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Duranta is a plant genus that is part of the Verbenaceae family. It is named after Castore Durantes, who was an Italian botanist. This genus contains over 30 species of shrubs that are native to the southern United States, parts of Central America, and parts of South America. Most of the shrubs in this genus are perennials that can survive in heavy soils and tolerate both sunny and shaded locations.
Gardeners choose plants within the Duranta genus for a number of reasons, but the characteristic which stands out is their remarkable ability to thrive in variable conditions. Most species within the genus will adapt to the climate. In warmer regions, a typical shrub or tree will grow 15-20 feet (4.5-6.1 m) in height, while in regions with a harsher winter, the shrub may grow either as an annual or a perennial, reaching a height of 6-8 feet (1.8-2.4 m). In regions that are at or below USDA zone eight, the shrubs are usually grown as summer annuals.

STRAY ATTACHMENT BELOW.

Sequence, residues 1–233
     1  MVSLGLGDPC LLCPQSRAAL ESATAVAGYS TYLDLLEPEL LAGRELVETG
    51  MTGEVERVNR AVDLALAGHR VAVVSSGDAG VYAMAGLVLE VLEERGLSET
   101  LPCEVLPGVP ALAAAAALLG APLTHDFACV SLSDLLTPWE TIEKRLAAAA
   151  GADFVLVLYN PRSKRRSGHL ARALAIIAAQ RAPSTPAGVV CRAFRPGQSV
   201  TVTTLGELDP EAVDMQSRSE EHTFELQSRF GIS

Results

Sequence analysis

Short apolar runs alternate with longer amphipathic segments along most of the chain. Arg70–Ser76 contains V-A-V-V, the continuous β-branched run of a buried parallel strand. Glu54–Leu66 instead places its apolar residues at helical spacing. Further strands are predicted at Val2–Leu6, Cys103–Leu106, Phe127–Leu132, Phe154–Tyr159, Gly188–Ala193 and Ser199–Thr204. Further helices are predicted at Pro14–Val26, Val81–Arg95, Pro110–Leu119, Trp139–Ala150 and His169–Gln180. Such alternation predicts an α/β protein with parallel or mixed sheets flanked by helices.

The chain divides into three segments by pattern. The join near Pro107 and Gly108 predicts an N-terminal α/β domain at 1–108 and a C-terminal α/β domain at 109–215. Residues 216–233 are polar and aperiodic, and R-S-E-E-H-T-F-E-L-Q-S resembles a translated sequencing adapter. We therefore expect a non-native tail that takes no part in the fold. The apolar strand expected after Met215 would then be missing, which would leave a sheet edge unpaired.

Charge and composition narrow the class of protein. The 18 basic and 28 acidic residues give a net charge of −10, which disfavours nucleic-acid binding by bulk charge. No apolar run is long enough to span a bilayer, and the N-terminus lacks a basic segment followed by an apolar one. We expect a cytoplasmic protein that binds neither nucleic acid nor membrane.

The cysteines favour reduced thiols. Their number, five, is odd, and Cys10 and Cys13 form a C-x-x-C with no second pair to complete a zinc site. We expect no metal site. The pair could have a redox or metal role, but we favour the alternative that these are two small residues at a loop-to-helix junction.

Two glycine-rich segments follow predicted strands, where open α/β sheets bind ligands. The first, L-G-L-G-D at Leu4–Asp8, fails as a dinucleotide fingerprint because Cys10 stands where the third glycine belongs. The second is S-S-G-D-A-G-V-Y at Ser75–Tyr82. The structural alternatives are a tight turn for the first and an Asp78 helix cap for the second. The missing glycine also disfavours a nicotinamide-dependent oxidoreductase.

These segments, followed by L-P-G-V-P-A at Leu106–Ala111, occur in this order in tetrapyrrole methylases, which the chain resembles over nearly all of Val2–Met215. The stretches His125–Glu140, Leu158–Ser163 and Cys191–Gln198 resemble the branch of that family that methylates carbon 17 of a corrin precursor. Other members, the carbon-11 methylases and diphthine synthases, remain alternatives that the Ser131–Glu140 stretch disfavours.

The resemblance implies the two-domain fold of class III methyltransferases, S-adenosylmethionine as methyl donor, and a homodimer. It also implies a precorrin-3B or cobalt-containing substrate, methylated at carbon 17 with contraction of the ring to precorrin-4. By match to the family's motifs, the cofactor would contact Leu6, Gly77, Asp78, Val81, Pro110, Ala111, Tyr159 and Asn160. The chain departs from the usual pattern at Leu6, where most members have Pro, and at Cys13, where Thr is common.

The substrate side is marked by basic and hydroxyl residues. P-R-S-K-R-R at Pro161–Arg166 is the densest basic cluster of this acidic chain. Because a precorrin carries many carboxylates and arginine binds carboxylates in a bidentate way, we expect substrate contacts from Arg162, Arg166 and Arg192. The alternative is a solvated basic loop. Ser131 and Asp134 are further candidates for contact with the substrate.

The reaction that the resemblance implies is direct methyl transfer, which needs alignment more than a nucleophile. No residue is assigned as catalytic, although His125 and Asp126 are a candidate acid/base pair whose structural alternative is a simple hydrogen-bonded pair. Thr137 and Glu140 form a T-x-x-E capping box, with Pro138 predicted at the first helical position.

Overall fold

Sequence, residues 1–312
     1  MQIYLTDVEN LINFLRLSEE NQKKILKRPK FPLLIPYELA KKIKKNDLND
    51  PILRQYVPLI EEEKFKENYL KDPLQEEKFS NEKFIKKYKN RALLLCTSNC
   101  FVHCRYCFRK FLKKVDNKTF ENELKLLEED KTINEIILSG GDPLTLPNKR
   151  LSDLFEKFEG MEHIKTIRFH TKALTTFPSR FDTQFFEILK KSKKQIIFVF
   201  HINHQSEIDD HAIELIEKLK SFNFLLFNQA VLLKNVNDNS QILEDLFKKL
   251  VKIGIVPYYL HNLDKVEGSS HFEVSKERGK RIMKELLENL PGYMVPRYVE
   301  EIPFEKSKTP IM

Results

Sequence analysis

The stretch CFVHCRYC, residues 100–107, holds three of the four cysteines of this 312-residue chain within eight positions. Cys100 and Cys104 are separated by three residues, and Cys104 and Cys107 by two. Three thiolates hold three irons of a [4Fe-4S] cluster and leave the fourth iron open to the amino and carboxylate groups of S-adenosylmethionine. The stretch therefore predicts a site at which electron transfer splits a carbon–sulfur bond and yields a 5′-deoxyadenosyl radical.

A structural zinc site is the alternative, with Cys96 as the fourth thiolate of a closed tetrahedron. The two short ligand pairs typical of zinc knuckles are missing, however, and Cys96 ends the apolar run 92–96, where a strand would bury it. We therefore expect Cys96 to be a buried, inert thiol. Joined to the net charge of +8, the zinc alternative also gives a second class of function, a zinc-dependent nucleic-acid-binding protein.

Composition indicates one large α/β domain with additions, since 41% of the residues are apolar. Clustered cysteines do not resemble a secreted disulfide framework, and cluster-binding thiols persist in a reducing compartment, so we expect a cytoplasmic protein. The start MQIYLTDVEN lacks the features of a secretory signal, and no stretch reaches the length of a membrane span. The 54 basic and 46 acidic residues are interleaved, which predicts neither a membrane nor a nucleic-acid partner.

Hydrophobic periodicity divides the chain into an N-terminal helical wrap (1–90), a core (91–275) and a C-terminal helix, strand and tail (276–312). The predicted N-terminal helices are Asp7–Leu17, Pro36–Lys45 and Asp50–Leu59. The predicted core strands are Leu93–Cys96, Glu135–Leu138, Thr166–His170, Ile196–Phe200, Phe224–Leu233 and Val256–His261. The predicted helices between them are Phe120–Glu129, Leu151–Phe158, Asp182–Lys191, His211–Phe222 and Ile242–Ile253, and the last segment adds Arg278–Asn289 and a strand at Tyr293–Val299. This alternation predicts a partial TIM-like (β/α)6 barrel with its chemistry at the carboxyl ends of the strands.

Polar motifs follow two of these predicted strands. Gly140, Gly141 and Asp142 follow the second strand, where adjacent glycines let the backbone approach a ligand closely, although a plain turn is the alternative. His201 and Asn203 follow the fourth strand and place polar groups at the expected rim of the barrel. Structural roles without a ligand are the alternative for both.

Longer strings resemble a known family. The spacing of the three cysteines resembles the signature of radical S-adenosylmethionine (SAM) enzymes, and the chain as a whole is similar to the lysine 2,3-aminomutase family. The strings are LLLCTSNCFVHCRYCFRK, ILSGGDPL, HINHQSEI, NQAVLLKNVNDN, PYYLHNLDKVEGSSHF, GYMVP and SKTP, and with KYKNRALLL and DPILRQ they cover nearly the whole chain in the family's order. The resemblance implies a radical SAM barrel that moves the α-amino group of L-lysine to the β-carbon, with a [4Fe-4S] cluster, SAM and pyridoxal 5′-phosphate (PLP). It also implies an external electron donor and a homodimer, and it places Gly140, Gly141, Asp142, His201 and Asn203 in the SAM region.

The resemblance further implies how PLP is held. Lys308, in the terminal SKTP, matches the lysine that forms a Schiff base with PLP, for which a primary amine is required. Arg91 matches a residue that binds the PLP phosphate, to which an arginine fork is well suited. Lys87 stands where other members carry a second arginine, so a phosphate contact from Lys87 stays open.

Duranta species are easy to maintain; all they require is regular watering and occasional pruning. Most species within this genus do not require fertilizers. Another appealing factor regarding this genus is the ornamental appearance of the shrubs. Most species have a characteristic dark blue strip on each flower petal. Duranta erecta is a popular species that has five light blue to purple petals on each tubular flower. Hummingbirds and butterflies are attracted to the flowers, which can create a picturesque scene. The shrub also develops yellow berries that hang in bunches.
There are several uses for shrubs in this genus. Usually, they are grown as a street tree or as a hedge, depending on the species. Some species are ideal for empty spaces in a garden or along walls. Other species are ideal for planters situated on patios.
The primary concern with plants in the Duranta genus is their susceptibility to insect damage. Caterpillars, scales, and nematodes feed on the leaves and roots of the shrub. Scales are very small insects that usually stay in one spot, which prevents gardeners from noticing them. Common signs of infestation include yellowing of leaves and twig dieback. Nematodes are round worms that are located in the soil and feed on the roots of the shrub.
Another concern with some of the species in this genus is the toxicity of the fruits. Duranta erecta in particular produces poisonous fruits. The shrub shouldn't be planted in areas that are frequented by children.
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